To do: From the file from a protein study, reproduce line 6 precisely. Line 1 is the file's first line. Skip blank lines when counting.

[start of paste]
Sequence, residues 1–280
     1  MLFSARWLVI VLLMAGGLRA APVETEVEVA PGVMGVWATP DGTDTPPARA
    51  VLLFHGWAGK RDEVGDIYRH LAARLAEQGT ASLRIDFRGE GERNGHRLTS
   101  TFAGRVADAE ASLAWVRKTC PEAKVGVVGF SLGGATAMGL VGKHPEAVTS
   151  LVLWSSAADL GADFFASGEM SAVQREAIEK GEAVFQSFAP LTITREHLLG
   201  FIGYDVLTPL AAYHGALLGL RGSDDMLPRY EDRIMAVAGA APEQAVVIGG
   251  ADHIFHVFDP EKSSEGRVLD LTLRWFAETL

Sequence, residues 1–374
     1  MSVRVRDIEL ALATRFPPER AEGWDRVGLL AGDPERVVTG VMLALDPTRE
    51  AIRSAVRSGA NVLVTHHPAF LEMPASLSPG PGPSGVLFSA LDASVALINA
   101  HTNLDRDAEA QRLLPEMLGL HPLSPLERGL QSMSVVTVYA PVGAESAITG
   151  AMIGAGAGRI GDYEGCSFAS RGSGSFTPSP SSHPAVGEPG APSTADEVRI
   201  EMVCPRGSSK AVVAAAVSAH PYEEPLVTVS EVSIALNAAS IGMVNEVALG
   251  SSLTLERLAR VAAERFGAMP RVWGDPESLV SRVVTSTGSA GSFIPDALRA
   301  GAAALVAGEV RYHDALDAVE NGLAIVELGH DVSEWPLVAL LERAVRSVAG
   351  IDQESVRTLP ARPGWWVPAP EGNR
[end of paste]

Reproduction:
   201  FIGYDVLTPL AAYHGALLGL RGSDDMLPRY EDRIMAVAGA APEQAVVIGG